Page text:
“It resulted in a higher response rate,” Morse said. “We had a 32 percent response rate using the names the schools provided, compared to 9 percent last year. Additionally, we think the names they gave us resulted in surveying people more knowledgeable about the law schools.”

These assessments accounted for 40 percent of a school’s overall ranking.

New York Law School Dean Anthony Crowell credited the school’s improved employer assessment for its ranking boost. The school doubled its clinical offerings this year to 26 from 13, which garnered compliments from fellow deans, lawyers and judges throughout the country, Crowell said.

“Given all those efforts, we have to assume that, at least in part, our clinical and experiential learning expansion contributed to our improved quality assessment,” he said in an interview. “We were really pleased with that and it’s a real validation for what the school’s doing to give our students every possible advantage.”

The school’s ranking is a “work in progress,” he added. He hopes that it will rise in future years as the school’s employment outcomes and bar passage rates for recent graduates also improve.

Graduate employment data accounts for 20 percent of a law school’s rank. Until last year, U.S. News counted graduates in any type of job equally. Then it began to assign greater weight to graduates in permanent, full-time jobs that require bar passage or in which a J.D. is an advantage. It assigned a lower weight to graduates in part-time or short-term jobs, or those for which a law degree is not required or preferred.

The change was possible because the American Bar Association began requiring law schools to report far more detailed graduate employment information.

Selectivity—measured by Law School Admission Test scores, undergraduate grade-point averages and acceptance rates—accounted for another 25 percent of the ranking. Graduate job placement and bar passage rates accounted for 20 percent and faculty resources (determined by spending-per-student and student-to-faculty ratios) made up the final 15 percent.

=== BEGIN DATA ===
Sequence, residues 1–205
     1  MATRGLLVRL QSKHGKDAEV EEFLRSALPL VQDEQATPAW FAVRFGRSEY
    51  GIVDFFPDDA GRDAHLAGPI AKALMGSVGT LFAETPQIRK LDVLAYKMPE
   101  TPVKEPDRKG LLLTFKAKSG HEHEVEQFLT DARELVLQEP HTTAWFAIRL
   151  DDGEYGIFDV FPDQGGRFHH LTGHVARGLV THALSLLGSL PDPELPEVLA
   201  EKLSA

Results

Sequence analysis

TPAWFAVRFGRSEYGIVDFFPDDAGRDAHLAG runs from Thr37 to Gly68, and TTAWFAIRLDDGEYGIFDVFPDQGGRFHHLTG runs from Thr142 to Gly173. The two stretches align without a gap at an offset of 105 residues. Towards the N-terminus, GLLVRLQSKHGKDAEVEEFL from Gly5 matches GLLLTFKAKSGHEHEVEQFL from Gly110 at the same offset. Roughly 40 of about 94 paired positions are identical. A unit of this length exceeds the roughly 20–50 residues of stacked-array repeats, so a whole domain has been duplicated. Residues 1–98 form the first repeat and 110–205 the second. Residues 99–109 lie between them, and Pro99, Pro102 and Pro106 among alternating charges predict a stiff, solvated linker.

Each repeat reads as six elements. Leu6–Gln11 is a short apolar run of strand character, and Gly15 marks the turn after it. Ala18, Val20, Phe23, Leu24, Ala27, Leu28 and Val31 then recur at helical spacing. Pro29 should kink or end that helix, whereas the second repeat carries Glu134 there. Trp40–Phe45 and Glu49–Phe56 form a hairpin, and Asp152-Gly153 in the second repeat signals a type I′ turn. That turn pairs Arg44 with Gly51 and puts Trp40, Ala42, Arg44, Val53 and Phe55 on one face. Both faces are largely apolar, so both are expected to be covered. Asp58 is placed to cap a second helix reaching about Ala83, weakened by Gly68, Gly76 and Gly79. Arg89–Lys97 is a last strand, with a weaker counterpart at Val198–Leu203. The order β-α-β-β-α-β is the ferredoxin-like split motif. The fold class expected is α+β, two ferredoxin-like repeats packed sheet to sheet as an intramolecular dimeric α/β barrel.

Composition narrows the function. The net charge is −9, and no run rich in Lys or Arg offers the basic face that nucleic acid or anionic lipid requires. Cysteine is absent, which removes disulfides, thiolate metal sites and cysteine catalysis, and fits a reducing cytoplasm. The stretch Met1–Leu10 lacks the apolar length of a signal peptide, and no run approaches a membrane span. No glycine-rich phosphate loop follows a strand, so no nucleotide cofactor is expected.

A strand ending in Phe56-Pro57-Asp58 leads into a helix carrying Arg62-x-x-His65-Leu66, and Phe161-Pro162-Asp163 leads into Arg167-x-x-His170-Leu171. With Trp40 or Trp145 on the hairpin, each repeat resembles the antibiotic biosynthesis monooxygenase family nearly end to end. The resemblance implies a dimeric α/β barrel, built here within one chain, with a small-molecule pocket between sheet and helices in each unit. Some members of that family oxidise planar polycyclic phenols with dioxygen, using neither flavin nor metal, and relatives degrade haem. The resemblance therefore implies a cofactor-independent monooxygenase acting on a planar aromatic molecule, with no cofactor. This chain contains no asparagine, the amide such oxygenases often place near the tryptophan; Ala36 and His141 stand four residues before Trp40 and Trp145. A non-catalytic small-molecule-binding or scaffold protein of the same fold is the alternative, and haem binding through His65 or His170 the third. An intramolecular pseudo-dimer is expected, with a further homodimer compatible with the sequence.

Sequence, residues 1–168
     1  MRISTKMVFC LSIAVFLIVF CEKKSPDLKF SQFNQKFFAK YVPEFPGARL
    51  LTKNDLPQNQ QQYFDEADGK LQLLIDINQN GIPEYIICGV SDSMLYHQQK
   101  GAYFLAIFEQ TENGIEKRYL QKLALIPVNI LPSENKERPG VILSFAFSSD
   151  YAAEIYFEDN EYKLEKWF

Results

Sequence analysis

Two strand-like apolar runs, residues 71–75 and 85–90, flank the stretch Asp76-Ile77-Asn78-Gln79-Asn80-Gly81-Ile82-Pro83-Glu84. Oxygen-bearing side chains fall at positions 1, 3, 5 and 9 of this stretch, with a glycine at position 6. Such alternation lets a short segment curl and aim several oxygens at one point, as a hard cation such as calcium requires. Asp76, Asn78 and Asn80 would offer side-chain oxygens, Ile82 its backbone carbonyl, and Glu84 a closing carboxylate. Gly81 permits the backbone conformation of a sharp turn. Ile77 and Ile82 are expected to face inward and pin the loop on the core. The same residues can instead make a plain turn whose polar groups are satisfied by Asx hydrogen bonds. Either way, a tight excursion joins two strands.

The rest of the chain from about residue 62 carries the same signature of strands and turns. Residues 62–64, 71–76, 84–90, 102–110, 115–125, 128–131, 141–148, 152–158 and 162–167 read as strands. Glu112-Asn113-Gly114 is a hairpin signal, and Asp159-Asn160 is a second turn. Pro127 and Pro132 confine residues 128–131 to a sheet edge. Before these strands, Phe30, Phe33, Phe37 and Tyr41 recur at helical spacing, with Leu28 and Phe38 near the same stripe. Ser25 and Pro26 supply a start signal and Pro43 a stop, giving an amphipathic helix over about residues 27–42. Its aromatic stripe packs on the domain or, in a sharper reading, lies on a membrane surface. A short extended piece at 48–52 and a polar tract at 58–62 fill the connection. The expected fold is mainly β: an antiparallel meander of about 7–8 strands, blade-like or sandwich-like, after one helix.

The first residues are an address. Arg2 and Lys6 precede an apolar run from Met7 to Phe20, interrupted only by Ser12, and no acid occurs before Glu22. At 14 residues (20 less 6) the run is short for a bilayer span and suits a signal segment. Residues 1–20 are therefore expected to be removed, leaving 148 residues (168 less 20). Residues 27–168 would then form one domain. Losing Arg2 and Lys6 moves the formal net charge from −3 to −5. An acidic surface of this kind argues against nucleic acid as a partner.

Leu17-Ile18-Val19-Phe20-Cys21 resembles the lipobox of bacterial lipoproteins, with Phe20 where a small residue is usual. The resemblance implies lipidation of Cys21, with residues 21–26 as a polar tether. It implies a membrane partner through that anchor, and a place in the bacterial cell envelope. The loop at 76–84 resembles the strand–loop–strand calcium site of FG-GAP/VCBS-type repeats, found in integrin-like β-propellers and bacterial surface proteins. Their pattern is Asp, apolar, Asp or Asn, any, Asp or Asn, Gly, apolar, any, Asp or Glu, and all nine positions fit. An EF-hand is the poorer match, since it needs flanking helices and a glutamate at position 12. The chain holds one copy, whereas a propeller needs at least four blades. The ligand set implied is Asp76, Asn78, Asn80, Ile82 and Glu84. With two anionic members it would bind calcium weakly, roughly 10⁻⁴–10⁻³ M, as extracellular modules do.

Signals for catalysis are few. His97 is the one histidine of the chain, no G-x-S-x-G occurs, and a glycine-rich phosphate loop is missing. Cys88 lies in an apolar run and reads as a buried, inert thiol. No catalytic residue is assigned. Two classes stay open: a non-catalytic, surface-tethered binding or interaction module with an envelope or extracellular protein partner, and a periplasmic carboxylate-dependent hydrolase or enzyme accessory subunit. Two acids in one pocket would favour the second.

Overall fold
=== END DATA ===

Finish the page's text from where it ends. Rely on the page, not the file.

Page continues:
There were only a few minor shifts within the nation’s top 10 ranked schools (actually the top 11, due to a tie for the No. 10 spot). Yale stayed put at No. 1. Harvard Law School pulled ahead of Stanford Law School to claim the No. 2 spot, after both tied for No. 2 last year. Columbia Law, at No. 4, and New York University School of Law, at No. 6, maintained last year’s spots.

Legal educators have long criticized the U.S. News rankings for creating incentives for schools to focus scholarship money on high-performing applicants rather than those in the greatest financial need; encouraging schools to spend more money rather than promoting efficiency; and for applying a one-size-fits all formula to law schools with very different missions.

Law School Transparency executive director Kyle McEntee summed up those concerns in a recent op-ed piece for New York Law Journal affiliate law.com.

“The unfortunate irony is that these rankings adversely affect the decision-making process for law school administrators and prospective law students alike,” McEntee wrote. “The stakes are high. Our profession and society need law schools that don’t figure inefficient metrics into annual budgets. Dollars spent chasing U.S. News rankings diverts funds away from students’ education. It also stands in the way of reducing tuition.”

Morse defended the expenditure-per-student measure, saying it’s more important than ever at a time when law schools are no longer considered university cash cows and are slashing spending as fewer tuition dollars come in.